- Language Tips
A worker at a shoe factory in Shaoyang, Hunan province. China had an output of more than 13 billion pairs of footwear last year, according to China Footwear Industry Association. [Photo/China Daily]
Some look inland for lower costs, others build brands to add value
Rising costs and sluggish overseas demand are testing Chinese shoemakers' ability to maintain profits.
While some have moved to inland cities to take advantage of lower costs, others have enhanced their technology or "own brands" to achieve higher added value.
Zhang Huarong, who established Huajian Group in Dongguan, Guangdong province, in 1996, has been moving the company's manufacturing operations to inland cities such as Ganzhou in Jiangxi province and Xiangcheng in Henan province in recent years.
"Low labor and land costs as well as the favorable policies offered by the local government attracted us to Ganzhou," Zhang said.
Liu Qiongying, general manager of Chengdu Aiminer Leather Products Co Ltd, said profit margins in the shoe processing trade have been eroded in recent years by rising labor costs - up 20 percent annually in recent years - in addition to yuan appreciation and price fluctuations internationally.
Aiminer, established in 1996, saw its export value grow from $200,000 in 2001 to $50 million in 2011.
Rising costs in recent years have taken their toll on China's footwear manufacturers, who have done little to improve their core competitiveness through innovation, she said.
As a result, the industry is facing stiff competition from emerging markets such as India, Vietnam, Indonesia and Brazil , she added.
China, the world's biggest footwear maker and exporter, had an output of more than 13 billion pairs of footwear last year, or 65 percent of the world's total production, and exported about 10 billion pairs, 73 percent of total global exports, according to the China Footwear Industry Association.
But the industry saw a decline in orders in the first quarter of this year as increasing costs drove orders for low-end footwear to emerging markets, and the European debt crisis reduced overseas demand.
"The footwear industry is now standing at a turning point, a turning point for transformation and upgrading.
"We have to establish our own brands, high-end brands, because these are little affected by market fluctuations and downturns," Liu said.
Liu launched the women's shoe brand Sheme in 2009 to tap into China's high-end market.
Priced between 2,000 yuan ($314) and 8,000 yuan, Sheme is already available in Beijing and Chengdu, and is now entering the market in Shanghai, Shenzhen and Hong Kong.
"Establishing our own brand was a crucial move. The added value of a famous international brand could be 20 or 30 times the cost, and the brand can also bring pride to the company and the country," Liu said.
She said that the Sheme brand absorbed traditional Chinese cultural elements in fine art, architecture, opera and embroidery to enhance its standing as an international brand from China.
The brand's design group is composed of Italian footwear designer Leopoldo Giordano, Canadian footwear designer Dejan Djokovic, graphic artist Shine Cheung, and technical engineer Gianluigi Colombo, who has served as a technical adviser for Bally, Chanel and Fratelli Rossetti.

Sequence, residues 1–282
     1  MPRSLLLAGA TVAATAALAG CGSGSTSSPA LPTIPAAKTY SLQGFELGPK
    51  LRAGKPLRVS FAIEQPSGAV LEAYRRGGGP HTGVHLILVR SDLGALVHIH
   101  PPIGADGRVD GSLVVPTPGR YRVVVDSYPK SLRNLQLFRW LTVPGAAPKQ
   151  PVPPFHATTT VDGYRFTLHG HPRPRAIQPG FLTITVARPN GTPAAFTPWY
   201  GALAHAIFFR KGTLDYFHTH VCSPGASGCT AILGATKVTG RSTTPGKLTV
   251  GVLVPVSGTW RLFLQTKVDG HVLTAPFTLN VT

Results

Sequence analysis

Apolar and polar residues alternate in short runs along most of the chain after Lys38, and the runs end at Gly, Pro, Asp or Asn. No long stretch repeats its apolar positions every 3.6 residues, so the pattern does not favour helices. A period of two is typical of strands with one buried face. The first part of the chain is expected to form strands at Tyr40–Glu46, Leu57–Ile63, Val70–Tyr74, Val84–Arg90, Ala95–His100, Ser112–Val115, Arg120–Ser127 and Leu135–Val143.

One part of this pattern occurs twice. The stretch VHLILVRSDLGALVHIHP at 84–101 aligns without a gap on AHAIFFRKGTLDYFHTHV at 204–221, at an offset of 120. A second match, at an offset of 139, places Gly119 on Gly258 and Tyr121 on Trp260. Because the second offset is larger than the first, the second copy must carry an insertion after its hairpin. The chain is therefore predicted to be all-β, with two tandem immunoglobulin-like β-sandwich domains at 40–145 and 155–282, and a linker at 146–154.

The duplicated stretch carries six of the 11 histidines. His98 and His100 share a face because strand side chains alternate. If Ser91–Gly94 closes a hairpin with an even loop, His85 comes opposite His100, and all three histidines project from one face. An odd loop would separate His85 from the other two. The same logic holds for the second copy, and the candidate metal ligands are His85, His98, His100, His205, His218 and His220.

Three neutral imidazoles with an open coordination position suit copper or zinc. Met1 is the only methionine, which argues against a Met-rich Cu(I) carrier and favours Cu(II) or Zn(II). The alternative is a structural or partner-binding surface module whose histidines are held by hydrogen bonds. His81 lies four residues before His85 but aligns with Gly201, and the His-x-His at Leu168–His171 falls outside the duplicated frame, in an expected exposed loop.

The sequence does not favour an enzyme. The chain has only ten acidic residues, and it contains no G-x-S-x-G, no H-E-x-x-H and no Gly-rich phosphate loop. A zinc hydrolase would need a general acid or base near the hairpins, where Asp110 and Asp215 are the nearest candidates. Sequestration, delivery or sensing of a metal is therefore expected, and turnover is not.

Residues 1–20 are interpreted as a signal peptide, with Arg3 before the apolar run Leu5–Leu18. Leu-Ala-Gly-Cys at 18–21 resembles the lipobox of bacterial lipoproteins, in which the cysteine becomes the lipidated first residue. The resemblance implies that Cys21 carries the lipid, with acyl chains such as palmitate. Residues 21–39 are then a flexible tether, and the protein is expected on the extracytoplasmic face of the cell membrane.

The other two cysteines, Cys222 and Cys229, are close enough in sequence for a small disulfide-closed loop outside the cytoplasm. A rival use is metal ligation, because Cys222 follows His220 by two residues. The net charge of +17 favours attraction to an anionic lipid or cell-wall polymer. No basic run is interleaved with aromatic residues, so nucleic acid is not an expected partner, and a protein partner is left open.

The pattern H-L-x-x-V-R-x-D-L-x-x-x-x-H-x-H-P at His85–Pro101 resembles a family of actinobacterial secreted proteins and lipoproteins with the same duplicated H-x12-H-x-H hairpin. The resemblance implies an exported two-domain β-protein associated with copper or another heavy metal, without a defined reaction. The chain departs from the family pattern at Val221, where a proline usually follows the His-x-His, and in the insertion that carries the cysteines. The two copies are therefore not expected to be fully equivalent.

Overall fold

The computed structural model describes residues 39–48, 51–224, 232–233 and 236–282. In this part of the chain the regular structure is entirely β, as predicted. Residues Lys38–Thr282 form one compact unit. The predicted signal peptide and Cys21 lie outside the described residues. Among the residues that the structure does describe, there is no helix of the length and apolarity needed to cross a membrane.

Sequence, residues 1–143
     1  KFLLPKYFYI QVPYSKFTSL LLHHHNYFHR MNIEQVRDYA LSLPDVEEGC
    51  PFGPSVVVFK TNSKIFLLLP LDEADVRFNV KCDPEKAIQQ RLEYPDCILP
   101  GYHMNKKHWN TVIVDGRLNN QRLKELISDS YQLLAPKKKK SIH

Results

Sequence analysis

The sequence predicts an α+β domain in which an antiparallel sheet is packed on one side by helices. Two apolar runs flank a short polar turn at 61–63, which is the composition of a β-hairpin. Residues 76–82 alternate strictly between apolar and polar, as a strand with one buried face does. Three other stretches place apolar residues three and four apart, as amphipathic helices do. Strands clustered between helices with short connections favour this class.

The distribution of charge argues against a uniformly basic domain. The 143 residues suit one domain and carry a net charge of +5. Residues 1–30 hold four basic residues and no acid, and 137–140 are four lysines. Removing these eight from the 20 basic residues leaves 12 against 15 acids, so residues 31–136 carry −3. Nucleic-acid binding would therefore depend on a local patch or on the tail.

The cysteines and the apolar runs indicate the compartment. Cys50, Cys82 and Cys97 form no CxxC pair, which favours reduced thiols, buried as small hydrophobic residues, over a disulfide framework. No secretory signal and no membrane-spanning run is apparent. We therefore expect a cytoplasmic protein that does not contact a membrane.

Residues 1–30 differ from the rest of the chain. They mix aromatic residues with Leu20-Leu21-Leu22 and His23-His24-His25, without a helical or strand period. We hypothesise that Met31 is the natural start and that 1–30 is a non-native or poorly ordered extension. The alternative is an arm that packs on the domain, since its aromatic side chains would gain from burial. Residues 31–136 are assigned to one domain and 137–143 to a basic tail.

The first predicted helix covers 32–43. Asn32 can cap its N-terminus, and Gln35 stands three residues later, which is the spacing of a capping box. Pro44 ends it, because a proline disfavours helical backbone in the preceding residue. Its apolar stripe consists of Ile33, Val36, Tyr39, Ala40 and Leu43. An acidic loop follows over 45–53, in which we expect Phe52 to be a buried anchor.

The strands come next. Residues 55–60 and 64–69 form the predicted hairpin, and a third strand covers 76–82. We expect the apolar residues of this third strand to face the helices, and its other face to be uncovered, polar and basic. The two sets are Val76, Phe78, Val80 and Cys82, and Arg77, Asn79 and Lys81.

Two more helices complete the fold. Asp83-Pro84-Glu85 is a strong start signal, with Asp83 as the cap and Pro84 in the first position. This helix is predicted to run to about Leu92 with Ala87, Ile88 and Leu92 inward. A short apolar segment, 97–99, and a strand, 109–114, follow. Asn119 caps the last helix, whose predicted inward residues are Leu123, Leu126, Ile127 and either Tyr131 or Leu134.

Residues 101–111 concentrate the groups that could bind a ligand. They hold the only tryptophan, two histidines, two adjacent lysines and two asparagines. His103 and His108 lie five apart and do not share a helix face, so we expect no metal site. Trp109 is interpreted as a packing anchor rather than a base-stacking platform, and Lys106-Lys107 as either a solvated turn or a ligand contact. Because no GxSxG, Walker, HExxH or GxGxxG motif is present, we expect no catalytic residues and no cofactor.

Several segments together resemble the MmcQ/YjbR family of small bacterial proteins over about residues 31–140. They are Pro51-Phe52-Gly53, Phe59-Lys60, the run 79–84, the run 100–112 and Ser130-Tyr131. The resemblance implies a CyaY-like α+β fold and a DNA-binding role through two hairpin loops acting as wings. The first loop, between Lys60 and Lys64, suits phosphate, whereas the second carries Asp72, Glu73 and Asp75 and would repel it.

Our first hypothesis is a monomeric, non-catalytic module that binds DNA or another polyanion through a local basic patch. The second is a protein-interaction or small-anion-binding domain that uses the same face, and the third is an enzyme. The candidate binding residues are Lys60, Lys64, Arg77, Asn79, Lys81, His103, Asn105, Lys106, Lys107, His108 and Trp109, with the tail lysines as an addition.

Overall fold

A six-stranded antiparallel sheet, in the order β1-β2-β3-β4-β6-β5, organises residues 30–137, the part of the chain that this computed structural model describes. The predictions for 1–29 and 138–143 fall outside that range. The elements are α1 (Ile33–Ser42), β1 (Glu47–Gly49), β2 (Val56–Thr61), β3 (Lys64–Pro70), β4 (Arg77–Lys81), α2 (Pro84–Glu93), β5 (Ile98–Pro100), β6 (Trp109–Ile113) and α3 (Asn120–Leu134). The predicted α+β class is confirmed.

The company's research and development centers in Chengdu, Longquan and Guangzhou collect new styles and trends of shoes in order to ensure it keeps pace with international trends.
Sheme's products fall into three categories - traditional-style shoes made from silk, satin or fine cloth, shoes for special occasions encrusted with Swarovski crystals, and shoes for daily use.
"In order to ensure the high-quality of the brand, all the leather for the luxury shoes comes from Italy, while the silk and cloth is from China ," Liu added.
Liu said that the company sets such great store by investment in research and development that it took four years of operation for it to turn a profit.
"But we are confident that Sheme will rank alongside international brands such as Coach," Liu said.
In addition to investment, establishing overseas sales channels and winning recognition in overseas markets both take a long time.
The growing demand for quality from people under 30 is also a challenge for the brand, with people in this age group more likely to want unique or personalized designs, Liu said.
Despite the challenges, Liu remains optimistic about the prospects for the shoe industry, both at home and abroad.
Liu Xiang, the assistant to Liu Qiongying, said that, thanks to its mature technology, the company had an advantage over its peers, and this gave it the upper hand in building its own brands and making customized shoes.
In addition to Sheme, the company has another brand, Annastar, aimed at the medium- and low-end markets.
At present, the company remains engaged in processing, which is its major source of income and a major support for the company as it builds up its luxury brand.
Liu said the overseas market will remain the key one for Chinese footwear companies over the next 10 to 15 years.
"But demand for medium- and high-end shoes at home will steadily increase in the next five years as China stimulates domestic consumption and the middle class keeps growing," she said.
Instead of starting the difficult journey of building a high-end shoe brand, another domestic shoemaker, Sichuan Shangzhi Shoes Co Ltd, chose to remain in the processing trade as a maker of medium- and high-end women's shoes.
The company launched a new production line this year to meet overseas demand for high-quality products and offset the impact of falling orders.
The company is now making shoes for high-end brands including Clarks, Brown Shoes, and Bally, said Liu Chongshu, assistant to the company's general manager.